How the Wagner Group Helps Putin Expand—and Inflate—Russia’s Influence

How the Wagner Group Helps Putin Expand—and Inflate—Russia’s Influence
Syrian and Russian flags fly at a checkpoint of a so-called de-escalation zone near Homs, Syria, Sept. 13, 2017 (AP file photo by Nataliya Vasilyeva).

The restive coastal province of Cabo Delgado in northeastern Mozambique doesn’t often make international headlines. Before the surprise discovery in 2011 of what is believed to be one of the world’s largest offshore natural gas reserves, Cabo Delgado was a sleepy little getaway mostly known for its quiet beach towns. That changed late last week when militants from a newly formed branch of the Islamic State reportedly killed seven Russian soldiers believed to be fighting on behalf of the Wagner Group, the shadowy, Kremlin-backed private military contractor.

In some ways, the fact that an energy-rich part of East Africa riven by deep social, economic and political inequalities has become fertile ground for a homegrown ISIS affiliate is not all that surprising. Nor is it surprising that only a few months after Mozambique’s president, Felipe Nyusi, inked a multimillion dollar energy and security deal with Russian President Vladimir Putin, Wagner Group contractors were apparently dispatched to Cabo Delgado to ostensibly stamp out the Islamic State and other Islamist extremists, who have been waging an increasingly virulent anti-government insurgency.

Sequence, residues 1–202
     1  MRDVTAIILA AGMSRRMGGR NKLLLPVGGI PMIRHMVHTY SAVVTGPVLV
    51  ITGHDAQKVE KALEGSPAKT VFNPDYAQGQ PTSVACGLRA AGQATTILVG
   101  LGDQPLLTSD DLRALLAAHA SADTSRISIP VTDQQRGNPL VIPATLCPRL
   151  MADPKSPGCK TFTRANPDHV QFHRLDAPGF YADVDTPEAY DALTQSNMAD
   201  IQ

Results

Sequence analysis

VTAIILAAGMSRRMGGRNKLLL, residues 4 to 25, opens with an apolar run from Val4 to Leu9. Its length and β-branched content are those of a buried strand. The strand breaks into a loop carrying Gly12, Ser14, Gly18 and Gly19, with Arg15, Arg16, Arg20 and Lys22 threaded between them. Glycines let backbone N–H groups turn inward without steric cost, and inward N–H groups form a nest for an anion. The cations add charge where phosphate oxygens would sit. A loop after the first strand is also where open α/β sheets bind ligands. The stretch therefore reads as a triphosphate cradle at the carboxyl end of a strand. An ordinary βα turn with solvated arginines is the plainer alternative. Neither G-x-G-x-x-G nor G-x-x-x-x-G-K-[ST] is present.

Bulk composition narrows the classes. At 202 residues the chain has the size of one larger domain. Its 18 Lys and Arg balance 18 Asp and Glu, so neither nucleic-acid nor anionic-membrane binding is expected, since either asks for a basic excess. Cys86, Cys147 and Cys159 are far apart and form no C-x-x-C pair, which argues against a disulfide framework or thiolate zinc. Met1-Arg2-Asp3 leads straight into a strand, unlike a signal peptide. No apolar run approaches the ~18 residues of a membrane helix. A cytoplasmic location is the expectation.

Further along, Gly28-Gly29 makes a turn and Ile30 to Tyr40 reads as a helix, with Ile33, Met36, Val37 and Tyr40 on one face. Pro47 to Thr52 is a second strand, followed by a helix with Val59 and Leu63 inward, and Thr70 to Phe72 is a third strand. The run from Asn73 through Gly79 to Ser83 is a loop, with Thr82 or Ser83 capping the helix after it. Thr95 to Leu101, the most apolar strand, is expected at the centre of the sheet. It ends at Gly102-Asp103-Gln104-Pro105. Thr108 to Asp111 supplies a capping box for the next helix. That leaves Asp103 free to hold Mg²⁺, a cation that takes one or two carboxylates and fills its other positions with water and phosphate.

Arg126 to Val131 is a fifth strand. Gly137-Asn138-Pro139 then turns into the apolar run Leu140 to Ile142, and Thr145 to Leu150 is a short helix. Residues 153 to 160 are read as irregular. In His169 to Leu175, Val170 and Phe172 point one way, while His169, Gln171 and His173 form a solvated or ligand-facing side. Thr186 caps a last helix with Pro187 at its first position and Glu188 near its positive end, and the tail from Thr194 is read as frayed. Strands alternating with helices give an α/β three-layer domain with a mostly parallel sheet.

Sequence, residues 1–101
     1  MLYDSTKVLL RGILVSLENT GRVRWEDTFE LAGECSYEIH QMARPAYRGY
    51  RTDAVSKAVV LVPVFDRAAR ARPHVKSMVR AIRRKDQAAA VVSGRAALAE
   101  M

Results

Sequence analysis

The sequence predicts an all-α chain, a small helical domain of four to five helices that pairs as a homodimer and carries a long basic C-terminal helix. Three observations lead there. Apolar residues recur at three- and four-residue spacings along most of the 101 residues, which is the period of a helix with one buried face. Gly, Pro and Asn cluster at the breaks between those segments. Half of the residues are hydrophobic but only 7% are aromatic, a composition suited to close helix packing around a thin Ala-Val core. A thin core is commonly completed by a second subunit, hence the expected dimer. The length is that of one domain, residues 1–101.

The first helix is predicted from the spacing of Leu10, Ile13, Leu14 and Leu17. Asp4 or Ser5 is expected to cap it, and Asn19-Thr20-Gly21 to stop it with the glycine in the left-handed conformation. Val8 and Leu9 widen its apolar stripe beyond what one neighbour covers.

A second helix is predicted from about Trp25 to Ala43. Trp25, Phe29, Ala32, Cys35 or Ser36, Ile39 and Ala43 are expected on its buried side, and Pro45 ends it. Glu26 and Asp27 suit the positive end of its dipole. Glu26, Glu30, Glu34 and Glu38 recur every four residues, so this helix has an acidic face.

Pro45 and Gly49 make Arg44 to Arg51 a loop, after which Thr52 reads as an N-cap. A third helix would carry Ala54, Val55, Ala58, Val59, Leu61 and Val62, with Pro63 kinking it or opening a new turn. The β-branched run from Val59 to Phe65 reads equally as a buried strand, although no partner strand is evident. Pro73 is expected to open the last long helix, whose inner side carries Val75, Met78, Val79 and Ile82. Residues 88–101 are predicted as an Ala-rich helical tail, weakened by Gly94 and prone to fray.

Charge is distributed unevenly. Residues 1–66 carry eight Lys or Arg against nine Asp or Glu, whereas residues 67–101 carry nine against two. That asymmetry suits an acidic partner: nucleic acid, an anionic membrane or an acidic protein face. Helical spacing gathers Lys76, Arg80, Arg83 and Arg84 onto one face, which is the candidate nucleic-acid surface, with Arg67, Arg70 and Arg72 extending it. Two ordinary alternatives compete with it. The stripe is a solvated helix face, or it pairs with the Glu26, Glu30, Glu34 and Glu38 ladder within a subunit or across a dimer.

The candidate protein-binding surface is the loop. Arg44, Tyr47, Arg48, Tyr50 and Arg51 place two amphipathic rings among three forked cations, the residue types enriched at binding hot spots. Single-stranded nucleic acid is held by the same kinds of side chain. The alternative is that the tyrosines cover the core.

Much like in Libya, where the activities of the Wagner Group have also recently grabbed headlines, the Kremlin’s global business model as applied in Mozambique is predicated on moving fast, breaking things and capitalizing on the failure of autocratic regimes to govern and secure their own territory. In the lead-up to Mozambique’s recent elections, insurgents mounted dozens of attacks, while violence continues to roil the country despite a peace accord between Nyusi’s Frelimo party and Renamo, the former rebel group turned main opposition party. Nyusi, who was reelected apparently with a little help from the Wagner Group’s cyber counterpart, the Internet Research Agency, is only one of the growing list of Kremlin clients in Africa with leader-for-life ambitions, according to a report released last week by the Stanford Internet Observatory.

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